by Krishan Sharma @pcauthority
Could Linux end up the default OS for gaming on the PC – it’s more possible than you think…
For a long time the Linux gaming scene was stagnating, relegated to a limited number of open source games and a few popular but very old closed source games such as Doom 3, Quake 4, Unreal Tournament 2004 and whatever game you could force to run using WINE, an open source software for running Windows applications on Linux. Let’s face it, most gamers who have attempted to run games on Linux in the past probably spent more time wrestling with installers and searching for the right drivers than actually playing the game on their specific Linux configuration.
However, recent developments have given the Linux gaming scene a much-needed shot in the arm and is turning the OS into a viable gaming platform.
It started with the Humble Indie bundle, which has long been a driving force for the development of Linux games and meant that popular games such as Trine, Torchlight and Braid were brought across to Linux. More importantly, however, 2012 saw two key game engines that drive most of the modern PC games ported to Linux – Unreal Engine 3 and the Unity engine.
Then, at the end of 2012, Linux gamers received a present that they have been waiting years for – the number one PC gaming platform, Steam, finally came to Linux, and brought along with it a port of the Source engine in the form of the popular online shooter, Team Fortress 2. This was quickly followed up by Valve Software’s announcement at CES earlier last month that Steam Box, the company’s first foray in bringing Steam to the living room, will be based on the Linux OS. This effectively meant that game companies would have to ensure that their games ran on Linux if they wanted them to be made available on Steam Box.
For these reasons, the momentum in Linux gaming has never been higher and has made open source graphics driver developers, such as Eric Anholt, very excited about the future of Linux as a gaming platform.
“Steam brings with it not only the potential of modern PC games being ported to Linux, but also an easier means of keeping the games up-to-date. We have already seen Linux porters benefit from this, such as the Humble Bundle guys who don’t really want to be in the distribution process and in maintaining games and figuring out how to get updates to people. Now they can shovel that problem to Valve’s Steam platform to provide those services and the Humble Bundle guys can focus on what they do best which is porting great indie games to Linux”, Eric told PC Authority.
Eric who has been working on Linux graphics drivers at Intel’s Open Source Technology Centre for the past seven years said, at the Linux conference in Canberra last week, that he was also very excited about the implications on the Linux graphics driver’s front which has long trailed Windows.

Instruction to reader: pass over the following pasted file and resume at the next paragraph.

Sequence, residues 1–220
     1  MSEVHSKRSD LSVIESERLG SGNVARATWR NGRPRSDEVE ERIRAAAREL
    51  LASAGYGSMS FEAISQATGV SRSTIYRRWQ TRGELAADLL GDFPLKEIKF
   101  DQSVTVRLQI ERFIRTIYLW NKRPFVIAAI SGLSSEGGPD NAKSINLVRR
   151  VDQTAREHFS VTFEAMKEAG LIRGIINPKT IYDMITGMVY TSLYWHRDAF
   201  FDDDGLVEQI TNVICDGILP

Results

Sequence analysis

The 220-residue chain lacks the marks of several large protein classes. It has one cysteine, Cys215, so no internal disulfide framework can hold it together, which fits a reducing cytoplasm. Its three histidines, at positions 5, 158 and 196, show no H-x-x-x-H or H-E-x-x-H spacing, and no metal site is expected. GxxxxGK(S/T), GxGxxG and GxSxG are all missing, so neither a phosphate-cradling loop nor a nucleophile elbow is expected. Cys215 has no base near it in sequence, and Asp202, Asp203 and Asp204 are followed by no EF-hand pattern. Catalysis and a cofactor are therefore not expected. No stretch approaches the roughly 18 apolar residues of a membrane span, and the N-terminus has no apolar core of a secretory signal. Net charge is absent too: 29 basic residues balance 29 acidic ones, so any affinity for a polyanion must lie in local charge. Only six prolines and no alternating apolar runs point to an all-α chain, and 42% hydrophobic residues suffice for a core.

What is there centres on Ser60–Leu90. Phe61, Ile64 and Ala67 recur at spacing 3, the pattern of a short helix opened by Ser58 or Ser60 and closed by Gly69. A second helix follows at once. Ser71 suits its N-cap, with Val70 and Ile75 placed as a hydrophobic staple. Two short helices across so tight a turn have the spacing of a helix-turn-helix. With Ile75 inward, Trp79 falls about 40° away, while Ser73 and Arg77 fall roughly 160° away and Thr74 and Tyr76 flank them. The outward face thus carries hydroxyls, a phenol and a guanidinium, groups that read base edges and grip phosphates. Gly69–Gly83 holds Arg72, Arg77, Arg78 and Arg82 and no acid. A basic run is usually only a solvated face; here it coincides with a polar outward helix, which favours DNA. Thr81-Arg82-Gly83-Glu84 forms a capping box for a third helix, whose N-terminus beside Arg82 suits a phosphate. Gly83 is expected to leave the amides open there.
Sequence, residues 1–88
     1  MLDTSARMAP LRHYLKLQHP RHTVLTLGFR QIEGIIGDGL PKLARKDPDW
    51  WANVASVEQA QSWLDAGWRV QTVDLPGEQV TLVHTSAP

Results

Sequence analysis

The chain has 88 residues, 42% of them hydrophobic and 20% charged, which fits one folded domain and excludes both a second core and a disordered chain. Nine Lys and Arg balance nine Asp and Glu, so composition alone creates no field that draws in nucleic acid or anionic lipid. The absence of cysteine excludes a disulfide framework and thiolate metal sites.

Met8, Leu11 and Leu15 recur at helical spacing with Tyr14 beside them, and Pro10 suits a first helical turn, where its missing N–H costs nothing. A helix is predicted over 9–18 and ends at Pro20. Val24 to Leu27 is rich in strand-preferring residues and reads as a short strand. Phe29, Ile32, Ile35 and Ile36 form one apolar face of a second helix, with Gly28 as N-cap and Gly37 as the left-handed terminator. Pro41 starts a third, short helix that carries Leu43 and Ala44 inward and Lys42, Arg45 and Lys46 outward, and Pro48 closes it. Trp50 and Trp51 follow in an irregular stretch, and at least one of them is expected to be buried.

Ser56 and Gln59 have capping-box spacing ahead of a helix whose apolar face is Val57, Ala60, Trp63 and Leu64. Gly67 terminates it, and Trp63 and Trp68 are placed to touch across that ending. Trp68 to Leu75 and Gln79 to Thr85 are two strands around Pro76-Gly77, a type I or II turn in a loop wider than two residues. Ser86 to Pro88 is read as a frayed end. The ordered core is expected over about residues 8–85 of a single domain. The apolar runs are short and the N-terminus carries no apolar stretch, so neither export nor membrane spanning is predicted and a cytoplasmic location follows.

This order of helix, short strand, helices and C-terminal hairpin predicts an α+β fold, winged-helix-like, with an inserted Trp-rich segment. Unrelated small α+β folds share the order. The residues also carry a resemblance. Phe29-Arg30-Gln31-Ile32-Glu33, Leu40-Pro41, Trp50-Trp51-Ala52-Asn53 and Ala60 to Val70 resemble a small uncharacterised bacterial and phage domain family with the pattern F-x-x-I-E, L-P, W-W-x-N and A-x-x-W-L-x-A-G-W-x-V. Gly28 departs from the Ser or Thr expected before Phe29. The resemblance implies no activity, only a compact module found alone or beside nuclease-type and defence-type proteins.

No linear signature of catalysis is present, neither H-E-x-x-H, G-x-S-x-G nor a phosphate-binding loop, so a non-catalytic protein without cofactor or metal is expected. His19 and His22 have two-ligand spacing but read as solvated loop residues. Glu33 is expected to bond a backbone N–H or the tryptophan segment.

He said that Valve is working closely with his team in optimising the Intel integrated graphics drivers to ensure solid performance on Steam games. Valve is also working with Nvidia and ATI directly in speeding up the performance of their respective graphics drivers.
“We started working with Valve in July in porting Left 4 Dead 2 to Linux. It was a really good introduction to work with a game developer directly and helped speed up the process of optimising games on Linux”, he noted.
Eric spoke about how, through this process of working with Valve, they discovered areas that still needed improvement in the Linux open source game development environment.
“Valve was really disappointed with the debugging tools available on the Linux open source side. Tools that they would normally have access to in the Windows environment either weren’t available for Linux or weren’t to the same level of sophistication that they were used to on the Windows side”, he said.
The other area that Valve found lacking was the relatively slow threading performance of the open source implementation of OpenGL, Mesa, which is the core graphical application that drives most games running on Linux systems using integrated graphics.
However, Eric noted that Valve also discovered the benefits of working with open source graphics drivers.
“Closed source drivers such as those supplied by Nvidia and ATI are massive things somewhere in the order of a million lines of code whereas open source graphics drivers such as Mesa have around 250,000 lines of code which meant much shorter development turnarounds when working with our graphics drivers,” he said.
“Other perks that we are used to as open source developers such as printing out the contents of the shaders where you can see what precisely got compiled for the GPU were really surprising to them as closed source drivers don’t normally allow you to view this information.”
Despite Eric’s optimism, he admits that there is still a lot of work to be done in getting Linux graphics drivers performing to a point where the games run on par with their Windows equivalents.
He estimated that OpenGL on Linux is still behind by 3-4 years and that the ATI and Nvidia graphics drivers for Linux are roughly within 80-90% of their Windows counterparts.
With the momentum currently behind Linux as a gaming platform, there remains little doubt that this performance gap will diminish fairly quickly particularly if Steam Box takes off. As more game developers jump on board and graphics drivers continue to mature, 2013 may just be the year that Linux gaming comes into its own.